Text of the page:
guy mixing shakeby: Jay McCombs

“Tonight at 10 on the local news, find out which ingredient in your diet Coke is going to give you cancer!” I don’t even have to watch. I know they are talking about aspartame and that the horse has long since been dead, yet still they continue to beat it. So what is the truth? Saccharine-containing products contain warning labels about causing cancer in animals, but saccharine is now absent from many lists of carcinogens—why? Aspartame has been reported to cause brain tumors and nearly every other disease known to man, yet it’s still an ingredient in nearly every “diet” food—why? What about the new guys like sucralose (Splenda)? Are they going to kill us? Well, I think the best place to start with every story is at the beginning.

Artificial sweeteners have been around since 1879, and for 90 years things were really, um, sweet. Then 1970 rolled around, and in the world of artificial sweeteners, the sky began to fall. Chicken Little reported the events and chaos ensued. To make a long story short, several countries (including the US) banned the use of cyclamate due to an article in Science that demonstrated rats fed the sweetener showed an increased risk of developing bladder cancer [1]. But wait, there’s more! After the review of a long-term study on primates that showed cyclamate conveyed no risk of cancer, although there was much debate about the validity of the experiment due to small sample size, many countries, under the advice of the WHO, repealed their bans (actually every country other than the US) [2]. Cyclamate was the first on the chopping block, but many others would follow.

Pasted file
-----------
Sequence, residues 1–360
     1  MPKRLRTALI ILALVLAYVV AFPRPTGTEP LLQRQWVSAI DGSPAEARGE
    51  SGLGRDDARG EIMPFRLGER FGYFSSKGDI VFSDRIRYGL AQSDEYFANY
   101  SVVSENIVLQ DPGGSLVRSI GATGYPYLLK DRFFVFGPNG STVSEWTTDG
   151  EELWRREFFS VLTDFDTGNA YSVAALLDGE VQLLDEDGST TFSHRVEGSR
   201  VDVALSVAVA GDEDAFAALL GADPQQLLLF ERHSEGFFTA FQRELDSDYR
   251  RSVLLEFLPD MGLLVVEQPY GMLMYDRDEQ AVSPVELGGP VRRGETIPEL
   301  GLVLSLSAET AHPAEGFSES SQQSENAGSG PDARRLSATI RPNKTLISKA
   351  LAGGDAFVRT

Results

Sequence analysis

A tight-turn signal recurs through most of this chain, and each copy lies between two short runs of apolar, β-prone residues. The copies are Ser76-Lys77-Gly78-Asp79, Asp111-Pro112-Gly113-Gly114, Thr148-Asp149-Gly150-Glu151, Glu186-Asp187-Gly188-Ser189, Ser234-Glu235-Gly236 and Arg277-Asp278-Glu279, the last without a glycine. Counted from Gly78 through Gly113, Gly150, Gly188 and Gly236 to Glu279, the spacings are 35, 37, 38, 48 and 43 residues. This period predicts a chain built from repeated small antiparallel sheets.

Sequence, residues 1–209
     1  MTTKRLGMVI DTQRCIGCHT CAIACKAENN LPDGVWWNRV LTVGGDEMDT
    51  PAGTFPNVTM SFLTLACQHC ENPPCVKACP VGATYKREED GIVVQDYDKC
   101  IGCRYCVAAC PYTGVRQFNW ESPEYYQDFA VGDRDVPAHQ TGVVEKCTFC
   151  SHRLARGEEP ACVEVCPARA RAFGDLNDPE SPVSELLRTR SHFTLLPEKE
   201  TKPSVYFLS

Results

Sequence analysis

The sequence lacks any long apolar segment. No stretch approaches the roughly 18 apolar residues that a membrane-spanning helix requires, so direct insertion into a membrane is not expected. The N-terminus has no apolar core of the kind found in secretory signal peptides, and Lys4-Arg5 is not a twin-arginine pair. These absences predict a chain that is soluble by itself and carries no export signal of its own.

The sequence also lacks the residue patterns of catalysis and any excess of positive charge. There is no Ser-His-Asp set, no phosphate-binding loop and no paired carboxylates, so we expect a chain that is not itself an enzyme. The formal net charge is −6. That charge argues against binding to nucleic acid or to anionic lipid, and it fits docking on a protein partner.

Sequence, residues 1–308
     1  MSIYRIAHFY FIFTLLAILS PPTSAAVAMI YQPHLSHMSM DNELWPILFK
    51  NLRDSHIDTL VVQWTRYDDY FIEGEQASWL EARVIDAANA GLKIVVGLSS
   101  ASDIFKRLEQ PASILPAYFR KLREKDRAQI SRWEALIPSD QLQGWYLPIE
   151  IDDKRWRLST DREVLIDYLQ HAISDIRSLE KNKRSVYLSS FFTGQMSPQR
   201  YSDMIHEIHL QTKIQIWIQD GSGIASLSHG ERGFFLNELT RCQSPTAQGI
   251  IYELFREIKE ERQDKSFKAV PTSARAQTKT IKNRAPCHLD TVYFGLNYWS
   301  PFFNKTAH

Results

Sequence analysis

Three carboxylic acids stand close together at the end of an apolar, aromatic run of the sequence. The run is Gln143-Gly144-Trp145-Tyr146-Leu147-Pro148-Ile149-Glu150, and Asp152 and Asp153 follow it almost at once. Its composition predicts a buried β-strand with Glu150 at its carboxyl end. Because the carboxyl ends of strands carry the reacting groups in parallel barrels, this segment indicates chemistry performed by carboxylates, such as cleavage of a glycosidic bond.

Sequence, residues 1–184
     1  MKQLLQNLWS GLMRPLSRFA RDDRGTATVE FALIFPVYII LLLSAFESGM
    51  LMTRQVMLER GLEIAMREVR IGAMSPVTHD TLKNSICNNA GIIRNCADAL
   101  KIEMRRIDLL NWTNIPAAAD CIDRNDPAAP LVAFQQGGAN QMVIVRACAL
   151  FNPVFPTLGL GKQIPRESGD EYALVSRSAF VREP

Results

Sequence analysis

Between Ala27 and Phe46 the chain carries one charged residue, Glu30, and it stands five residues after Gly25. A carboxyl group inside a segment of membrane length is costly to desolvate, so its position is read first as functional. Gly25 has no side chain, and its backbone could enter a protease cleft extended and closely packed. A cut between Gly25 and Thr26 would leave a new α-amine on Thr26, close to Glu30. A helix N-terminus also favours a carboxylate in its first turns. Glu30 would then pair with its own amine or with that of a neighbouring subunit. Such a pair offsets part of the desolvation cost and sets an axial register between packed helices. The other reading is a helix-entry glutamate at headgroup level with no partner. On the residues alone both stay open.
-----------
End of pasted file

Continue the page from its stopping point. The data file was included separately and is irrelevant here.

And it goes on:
Perhaps one of the best known, and most falsely maligned, sweeteners is saccharine. There is copious research on this compound and to cover it all in this text would be impractical. Instead I am going to try and hit the high points and focus on the widely publicized bladder cancer controversy.